Capital flows to determine fate of naira, Analysts insist

02 November 2014, Lagos – As the United States Federal Reserve finally halts its $4.5 trillion bond-buying programme, a radical monetary policy it introduced nearly six years ago to steer the country’s economy, analysts have noted that it might put further pressure on the naira.

They pointed out that it is the level of portfolio flows, and not the oil price that would determine the fate of the naira going forward, adding that it might lead to an increase in demand and other speculative activities on the nation’s currency.
NairaThe US Federal Reserve led by Janet Yellen said on Wednesday that the final tranche of bonds under its quantitative easing programme was to be bought at the end of October, but it committed to keeping record low interest rates for “a considerable time.”
Announcing the decision on quantitative easing made at its October policy meeting, the Fed said: “The committee judges that there has been a substantial improvement in the outlook for the labour market since the inception of its current asset purchase programme.
“Moreover, the committee continues to see sufficient underlying strength in the broader economy to support ongoing progress towards maximum employment in a context of price stability.”

However, analysts at CSL Stockbrokers Limited pointed out that “portfolio flows, and not the oil price, will determine the fate of the naira.”

They estimated offshore holdings in the equity market at between $12 billion and $14 billion, based on a 60 to 70 per cent ownership share of the free float.
The sovereign debt market, with a total capitalisation of $65.7 billion, daily turnover of several hundred million dollars, and a significant offshore holding is of greater concern.
Globally, an average of 24 per cent of emerging markets sovereign debt markets is held by foreigners, over half of this acquired since 2010.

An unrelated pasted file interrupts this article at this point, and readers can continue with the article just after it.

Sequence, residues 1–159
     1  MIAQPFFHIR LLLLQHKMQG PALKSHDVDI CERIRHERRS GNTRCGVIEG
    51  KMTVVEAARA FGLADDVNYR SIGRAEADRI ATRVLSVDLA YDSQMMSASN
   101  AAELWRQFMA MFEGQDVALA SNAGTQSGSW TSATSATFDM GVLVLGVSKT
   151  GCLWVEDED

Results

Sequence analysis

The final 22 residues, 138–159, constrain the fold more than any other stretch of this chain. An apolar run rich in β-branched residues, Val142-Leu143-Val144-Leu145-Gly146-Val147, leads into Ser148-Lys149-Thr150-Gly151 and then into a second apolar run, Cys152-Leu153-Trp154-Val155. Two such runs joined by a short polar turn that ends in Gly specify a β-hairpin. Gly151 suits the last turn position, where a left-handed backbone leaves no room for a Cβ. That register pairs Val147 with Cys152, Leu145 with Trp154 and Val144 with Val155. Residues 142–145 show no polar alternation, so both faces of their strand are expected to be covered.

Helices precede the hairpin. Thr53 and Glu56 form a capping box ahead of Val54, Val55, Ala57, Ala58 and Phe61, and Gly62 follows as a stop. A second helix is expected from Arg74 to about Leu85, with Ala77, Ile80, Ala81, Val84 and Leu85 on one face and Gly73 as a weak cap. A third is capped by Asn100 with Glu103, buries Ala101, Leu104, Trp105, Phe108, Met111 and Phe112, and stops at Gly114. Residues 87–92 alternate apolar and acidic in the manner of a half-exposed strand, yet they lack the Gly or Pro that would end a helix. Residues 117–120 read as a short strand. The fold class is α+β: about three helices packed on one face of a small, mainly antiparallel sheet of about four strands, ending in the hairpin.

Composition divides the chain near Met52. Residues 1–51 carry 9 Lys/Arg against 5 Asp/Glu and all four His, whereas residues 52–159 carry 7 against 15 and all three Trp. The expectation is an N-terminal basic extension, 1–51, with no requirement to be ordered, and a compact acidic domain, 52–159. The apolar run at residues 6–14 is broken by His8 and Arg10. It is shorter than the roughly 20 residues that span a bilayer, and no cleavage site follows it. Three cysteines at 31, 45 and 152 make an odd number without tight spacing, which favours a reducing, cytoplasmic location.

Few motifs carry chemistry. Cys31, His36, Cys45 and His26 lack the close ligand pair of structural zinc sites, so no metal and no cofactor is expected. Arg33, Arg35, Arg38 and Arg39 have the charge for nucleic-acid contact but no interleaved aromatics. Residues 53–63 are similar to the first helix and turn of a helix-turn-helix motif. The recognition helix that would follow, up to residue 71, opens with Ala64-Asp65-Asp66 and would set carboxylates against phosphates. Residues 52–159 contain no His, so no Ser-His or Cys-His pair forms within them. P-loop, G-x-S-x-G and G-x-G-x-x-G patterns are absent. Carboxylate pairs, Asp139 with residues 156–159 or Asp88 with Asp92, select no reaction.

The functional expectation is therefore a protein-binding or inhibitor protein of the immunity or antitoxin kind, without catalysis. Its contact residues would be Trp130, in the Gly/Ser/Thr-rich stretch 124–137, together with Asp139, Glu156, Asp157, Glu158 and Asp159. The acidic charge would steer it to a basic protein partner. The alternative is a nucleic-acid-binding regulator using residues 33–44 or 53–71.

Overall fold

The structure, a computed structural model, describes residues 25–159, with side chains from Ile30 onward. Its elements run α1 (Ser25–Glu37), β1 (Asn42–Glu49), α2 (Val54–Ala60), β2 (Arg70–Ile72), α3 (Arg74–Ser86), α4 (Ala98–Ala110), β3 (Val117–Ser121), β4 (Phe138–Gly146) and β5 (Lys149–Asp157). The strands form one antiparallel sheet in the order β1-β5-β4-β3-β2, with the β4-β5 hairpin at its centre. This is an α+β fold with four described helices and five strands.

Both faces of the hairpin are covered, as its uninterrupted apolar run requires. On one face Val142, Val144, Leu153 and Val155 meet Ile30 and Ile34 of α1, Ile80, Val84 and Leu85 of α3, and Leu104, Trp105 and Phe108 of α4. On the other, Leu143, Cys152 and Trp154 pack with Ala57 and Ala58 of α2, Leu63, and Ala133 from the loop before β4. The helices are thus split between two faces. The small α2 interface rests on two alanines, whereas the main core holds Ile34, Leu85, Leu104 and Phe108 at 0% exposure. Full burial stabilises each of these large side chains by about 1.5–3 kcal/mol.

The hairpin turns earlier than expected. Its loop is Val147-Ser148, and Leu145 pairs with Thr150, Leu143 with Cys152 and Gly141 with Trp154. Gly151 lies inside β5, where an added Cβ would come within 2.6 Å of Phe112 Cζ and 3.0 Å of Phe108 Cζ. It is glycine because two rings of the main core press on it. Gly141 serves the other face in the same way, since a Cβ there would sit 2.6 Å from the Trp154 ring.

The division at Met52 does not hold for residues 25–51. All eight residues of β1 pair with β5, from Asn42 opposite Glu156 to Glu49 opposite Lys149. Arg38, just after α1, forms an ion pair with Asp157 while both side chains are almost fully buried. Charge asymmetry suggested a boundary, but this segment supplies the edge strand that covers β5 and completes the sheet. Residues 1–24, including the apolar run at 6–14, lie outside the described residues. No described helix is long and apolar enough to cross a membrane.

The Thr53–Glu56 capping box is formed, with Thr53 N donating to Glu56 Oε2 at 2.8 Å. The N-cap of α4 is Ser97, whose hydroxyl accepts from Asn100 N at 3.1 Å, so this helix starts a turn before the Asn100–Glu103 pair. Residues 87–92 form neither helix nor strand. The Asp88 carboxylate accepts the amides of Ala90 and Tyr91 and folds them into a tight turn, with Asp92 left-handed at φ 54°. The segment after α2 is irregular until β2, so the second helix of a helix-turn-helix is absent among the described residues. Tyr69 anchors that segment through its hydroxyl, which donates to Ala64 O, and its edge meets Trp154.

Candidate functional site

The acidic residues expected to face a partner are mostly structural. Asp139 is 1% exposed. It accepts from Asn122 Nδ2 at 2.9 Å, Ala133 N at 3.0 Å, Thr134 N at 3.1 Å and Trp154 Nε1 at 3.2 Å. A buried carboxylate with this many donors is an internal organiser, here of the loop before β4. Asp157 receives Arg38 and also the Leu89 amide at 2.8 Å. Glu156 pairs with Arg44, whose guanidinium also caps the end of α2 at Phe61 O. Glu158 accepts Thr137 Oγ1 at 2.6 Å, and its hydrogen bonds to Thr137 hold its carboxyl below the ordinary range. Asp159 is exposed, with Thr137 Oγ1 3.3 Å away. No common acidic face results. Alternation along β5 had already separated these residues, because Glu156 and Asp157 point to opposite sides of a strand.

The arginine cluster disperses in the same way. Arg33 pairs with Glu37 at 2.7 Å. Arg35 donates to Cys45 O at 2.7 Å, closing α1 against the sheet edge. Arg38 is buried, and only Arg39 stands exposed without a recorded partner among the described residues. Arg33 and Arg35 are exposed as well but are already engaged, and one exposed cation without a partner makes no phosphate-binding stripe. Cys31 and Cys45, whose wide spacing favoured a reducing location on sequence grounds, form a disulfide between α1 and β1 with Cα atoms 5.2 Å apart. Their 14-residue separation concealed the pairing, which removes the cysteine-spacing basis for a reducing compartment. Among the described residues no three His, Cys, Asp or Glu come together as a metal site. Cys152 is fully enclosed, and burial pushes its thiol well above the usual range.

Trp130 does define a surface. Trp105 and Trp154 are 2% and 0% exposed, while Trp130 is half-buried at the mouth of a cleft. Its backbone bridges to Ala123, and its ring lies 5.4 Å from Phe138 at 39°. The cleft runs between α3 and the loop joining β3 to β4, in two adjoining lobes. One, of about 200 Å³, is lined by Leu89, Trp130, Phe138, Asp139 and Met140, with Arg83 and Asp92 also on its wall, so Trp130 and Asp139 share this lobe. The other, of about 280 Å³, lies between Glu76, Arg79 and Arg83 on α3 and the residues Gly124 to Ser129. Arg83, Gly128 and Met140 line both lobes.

In contrast with the past flows, the majority of this money comes from asset managers rather than banks.
However, CSL Stockbrokers in a report pointed out: “Nigeria appears to be among the markets that would be resilient to a reversal in capital flows: it reports a large current surplus and benefits from relatively stable foreign direct investments (FDI) inflows.”
The Central Bank of Nigeria’s (CBN’s) existing reserves cover 97 per cent of narrow money (M1).
The report also estimated offshore treasury bills and FGN bond holdings at $13.5 billion.
“History suggests that we should be prepared for a period of weakness in the six months preceding the first rate hike, followed by a period of recovery and outperformance once the tightening cycle is underway,” it added.
On its part, the Financial Derivatives Company Limited (FDI), in a separate report, pointed out that year-to-date, the naira has depreciated by 0.04 per cent and 3.94 per cent to N155.76/$ and N165/$ at the official and interbank markets respectively.
According to the report, the divergence between the rates year-to-date has expanded by over 200 per cent.
“While the CBN remains committed to defending the value of the currency, it might do so at a greater cost going forward.
“Changes in oil prices, monetary policy of global economies and government spending for the 2015 elections are key factors expected to increase the pressure on the naira,” it added.


– This Day

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